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Boosting Baby Immunity: Research on Fighting Neonatal Infections


Clinical trial determines that IVIG is not a suitable treatment for neonatal sepsis

A group of scientists have conducted a clinical trial to determine the role of intravenous immunoglobulin (IVIG) in the management of neonatal sepsis.

Neonatal Sepsis

Neonatal sepsis refers to an infection involving the bloodstream in newborn infants less than 28 days old. It is a leading cause of morbidity and mortality among infants, especially in middle and lower-income countries. Researchers have been searching for ways to reduce the risk of neonatal sepsis and one such option is IVIG.

Immunoglobulins are the antibodies produced naturally by the body’s immune system, which help fight infection and disease. Intravenous immunoglobulin, or IVIG, is a treatment that combines immunoglobulins donated by different people to treat various conditions. So essentially, IVIG is a pooled mixture of antibodies derived from different people and can potentially improve the immunity of the recipient.

Clinical Trial

The researchers wanted to find a better treatment for neonatal sepsis. This infection can be really dangerous for babies, and doctors have been using different medicines to treat it. The clinical trial was conducted to see if IVIG could be beneficial for these septic neonates.

The clinical trial involved 80 neonates with clinical features of sepsis. These patients were divided into two groups: one group received 500 mg/kg IVIG while the other group received a placebo. The primary outcome measure was the duration of hospital stay in days. The babies in both groups were comparable in terms of birth weight, gestation, and sex distribution.

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After treating the babies and watching them closely, the researchers found something really interesting. The babies who got the IVIG did not get any significant benefit in the disease progression. There was no significant difference in the length of hospital stay between the two groups of babies.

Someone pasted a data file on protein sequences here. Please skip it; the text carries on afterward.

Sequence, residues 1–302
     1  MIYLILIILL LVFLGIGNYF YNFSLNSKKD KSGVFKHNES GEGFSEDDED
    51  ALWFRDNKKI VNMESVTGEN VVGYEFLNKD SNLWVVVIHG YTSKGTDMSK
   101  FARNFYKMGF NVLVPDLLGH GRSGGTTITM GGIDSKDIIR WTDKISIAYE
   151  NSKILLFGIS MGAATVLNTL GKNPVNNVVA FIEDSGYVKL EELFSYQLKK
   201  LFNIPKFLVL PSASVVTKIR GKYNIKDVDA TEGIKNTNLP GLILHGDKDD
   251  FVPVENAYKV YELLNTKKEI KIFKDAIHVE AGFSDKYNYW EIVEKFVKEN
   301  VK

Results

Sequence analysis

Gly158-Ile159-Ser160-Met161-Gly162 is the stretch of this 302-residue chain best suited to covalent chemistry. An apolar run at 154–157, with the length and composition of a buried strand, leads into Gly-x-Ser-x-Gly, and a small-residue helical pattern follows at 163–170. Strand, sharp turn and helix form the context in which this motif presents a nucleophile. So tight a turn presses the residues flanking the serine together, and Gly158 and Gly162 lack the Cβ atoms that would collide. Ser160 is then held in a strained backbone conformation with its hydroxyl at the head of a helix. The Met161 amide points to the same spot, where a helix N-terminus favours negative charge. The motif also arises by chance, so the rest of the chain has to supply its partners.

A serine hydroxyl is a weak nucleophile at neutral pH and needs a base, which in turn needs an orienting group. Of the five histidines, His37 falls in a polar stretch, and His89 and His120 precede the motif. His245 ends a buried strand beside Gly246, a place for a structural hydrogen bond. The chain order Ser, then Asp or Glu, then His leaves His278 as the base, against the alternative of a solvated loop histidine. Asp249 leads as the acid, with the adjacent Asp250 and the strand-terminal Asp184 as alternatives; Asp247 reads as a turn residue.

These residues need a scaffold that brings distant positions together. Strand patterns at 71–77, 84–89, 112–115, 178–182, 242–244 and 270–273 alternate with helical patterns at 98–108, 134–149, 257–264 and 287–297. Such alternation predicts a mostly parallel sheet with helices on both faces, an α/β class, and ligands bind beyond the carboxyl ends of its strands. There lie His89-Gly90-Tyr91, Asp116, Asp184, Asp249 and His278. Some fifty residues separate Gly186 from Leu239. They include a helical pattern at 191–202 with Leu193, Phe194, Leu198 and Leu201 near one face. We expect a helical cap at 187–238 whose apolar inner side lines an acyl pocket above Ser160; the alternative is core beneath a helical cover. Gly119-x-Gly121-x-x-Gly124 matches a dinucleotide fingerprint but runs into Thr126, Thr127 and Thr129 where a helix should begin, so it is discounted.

Contrary to the previously held notion of IVIG’s effect on the immune system, the results of this clinical demonstrated that IVIG was not a suitable treatment option for neonatal sepsis. This has widespread implications in the treatment of neonatal sepsis as it suggests that IVIG should not be used in these babies.


The results of this clinical trial indicate that IVIG treatment does not provide any help in the management of neonatal sepsis as it does not affect the length of hospital stay and progression of the disease. This emphasizes the need to find better alternatives for the management of this severe condition.
Sage Journals, Jan-18-23

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This content is for informational and educational purposes only. It is not intended to provide medical advice or to take the place of such advice or treatment from a personal physician. All readers/viewers of this content are advised to consult their doctors or qualified health professionals regarding specific health questions. CenTrial Data Ltd. does not take responsibility for possible health consequences of any person or persons reading or following the information in this educational content. Treatments and clinical trials mentioned may not be appropriate or available for all trial participants. Outcomes from treatments and clinical trials may vary from person to person. Consult with your doctor as to whether a clinical trial is a suitable option for your condition. Assistance from generative AI tools may have been used in writing this article.